The reels which hold rolls of tape, can be provided with small flanges that aid in starting the tape. A recess is formed in the periphery of the floating roller at one end thereof, which is slightly deeper than the reel flanges, to permit the floating roller to enter beyond the flanges to press on the beginning of the tape rolls. The small recess does not greatly reduce the diameter of the floating roller end portions, so that the end portions can prevent extreme tipping of the floating roller when the cartridge is subjected to a large shock. The cartridge housing has slightly raised pads that support the axial bearings on the floating roller. The surfaces of the pads have a pattern of fine recesses therein, to avoid apparent scratching and wearing of the pad surfaces by the floating roller bearings.

The novel features of the invention are set forth with particularity in the appended claims. The invention will be best understood from the following description when read in conjunction with the accompanying drawings.

BRIEF DESCRIPTION OF THE DRAWINGS

FIG. 1 is a perspective view of a tape cartridge constructed in accordance with the invention, with most of the upper housing portion cut away.

FIG. 2 is a partial plan view of the cartridge of FIG. 1.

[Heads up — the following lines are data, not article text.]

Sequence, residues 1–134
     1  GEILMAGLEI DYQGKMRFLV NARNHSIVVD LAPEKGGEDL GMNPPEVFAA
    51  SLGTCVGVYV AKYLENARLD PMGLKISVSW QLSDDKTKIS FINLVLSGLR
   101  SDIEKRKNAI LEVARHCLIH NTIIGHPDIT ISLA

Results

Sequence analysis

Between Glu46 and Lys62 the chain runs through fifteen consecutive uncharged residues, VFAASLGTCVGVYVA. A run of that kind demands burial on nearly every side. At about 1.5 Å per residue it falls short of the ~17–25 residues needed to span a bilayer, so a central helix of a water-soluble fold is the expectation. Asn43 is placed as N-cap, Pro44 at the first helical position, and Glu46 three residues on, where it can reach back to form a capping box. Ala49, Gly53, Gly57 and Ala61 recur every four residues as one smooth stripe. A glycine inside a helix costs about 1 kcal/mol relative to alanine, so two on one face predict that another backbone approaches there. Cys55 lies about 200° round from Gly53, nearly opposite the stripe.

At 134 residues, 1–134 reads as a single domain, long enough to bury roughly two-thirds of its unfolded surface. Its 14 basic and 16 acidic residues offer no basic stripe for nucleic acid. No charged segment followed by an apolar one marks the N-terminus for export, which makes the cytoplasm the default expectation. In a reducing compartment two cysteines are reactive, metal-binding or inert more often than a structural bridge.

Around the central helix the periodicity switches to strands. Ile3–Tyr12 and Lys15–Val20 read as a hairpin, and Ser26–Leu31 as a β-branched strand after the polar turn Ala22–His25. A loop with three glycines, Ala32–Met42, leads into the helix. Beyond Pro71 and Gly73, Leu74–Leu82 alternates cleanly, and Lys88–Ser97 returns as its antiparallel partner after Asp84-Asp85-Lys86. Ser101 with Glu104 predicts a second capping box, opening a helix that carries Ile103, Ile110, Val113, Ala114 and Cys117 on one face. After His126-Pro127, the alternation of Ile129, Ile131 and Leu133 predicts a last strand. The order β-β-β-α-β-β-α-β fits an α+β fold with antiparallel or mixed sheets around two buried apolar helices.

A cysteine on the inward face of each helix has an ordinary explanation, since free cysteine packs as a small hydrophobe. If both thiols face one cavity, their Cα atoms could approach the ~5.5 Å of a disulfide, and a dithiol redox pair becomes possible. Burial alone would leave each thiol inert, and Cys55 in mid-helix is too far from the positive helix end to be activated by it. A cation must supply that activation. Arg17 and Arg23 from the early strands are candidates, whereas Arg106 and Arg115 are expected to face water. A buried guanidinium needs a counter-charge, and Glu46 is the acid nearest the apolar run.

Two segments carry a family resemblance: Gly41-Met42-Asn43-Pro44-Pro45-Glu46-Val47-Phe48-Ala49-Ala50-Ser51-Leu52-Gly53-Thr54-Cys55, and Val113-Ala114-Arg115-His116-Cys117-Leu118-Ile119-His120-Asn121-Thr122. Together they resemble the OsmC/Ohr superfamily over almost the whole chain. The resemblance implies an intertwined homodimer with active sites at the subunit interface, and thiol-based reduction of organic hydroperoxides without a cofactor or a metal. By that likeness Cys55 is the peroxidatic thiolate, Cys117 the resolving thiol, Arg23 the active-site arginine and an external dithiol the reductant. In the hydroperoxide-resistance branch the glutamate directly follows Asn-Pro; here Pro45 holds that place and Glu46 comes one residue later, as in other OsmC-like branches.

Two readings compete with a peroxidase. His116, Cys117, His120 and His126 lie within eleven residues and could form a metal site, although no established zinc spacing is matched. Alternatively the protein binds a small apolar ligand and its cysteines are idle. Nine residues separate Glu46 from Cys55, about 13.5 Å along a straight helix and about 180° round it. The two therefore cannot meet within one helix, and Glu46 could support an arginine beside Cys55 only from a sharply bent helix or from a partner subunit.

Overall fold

FIG. 3 is a view taken on the line 3--3 of FIG. 2.

FIG. 4 is a view taken on the line 4--4 of FIG. 3.

FIG. 5 is an enlarged view of a portion of FIG. 3.

DESCRIPTION OF THE PREFERRED EMBODIMENT

FIG. 1 illustrates a tape cartridge 10 constructed in accordance with the present invention, which includes a tape 12 that moves along a predetermined path between a pair of tape packs or rolls 14, 16 that are wound on a pair of reels 18, 20. The tape reels are rotatably mounted on a pair of axles 22, 24 that are held on a cartridge housing 26. The tape is driven by a drive belt 28 that extends around a crowned portion 30 of a drive roller 32 that rotates about a fixed axis, and around a floating roller 34. The drive belt 28 bears against the tape rolls 14, 16 to drive them. The belt is under tension, and therefore also pulls the floating roller 34 towards the tape rolls, so that the floating roller 34 presses the belt 28 against the tape rolls.

The axis of rotation 40 of the floating roller shifts position along the path 42 (FIG. 2) as the tape unwinds from one tape roll onto the other. Accordingly, axial bearings 44, 46 (FIG. 3) are provided to rotatably support the floating roller on the cartridge housing 26 as the floating roller shifts position. In prior art floating roller cartridges, the floating roller was provided with tapered axial bearings having small contact areas against the cartridge housing, to minimize rotational friction of the floating roller. However, in the floating roller 34 of the present invention, the axial bearings 44, 46 have flat axial ends 48, 50 bearing against the cartridge housing.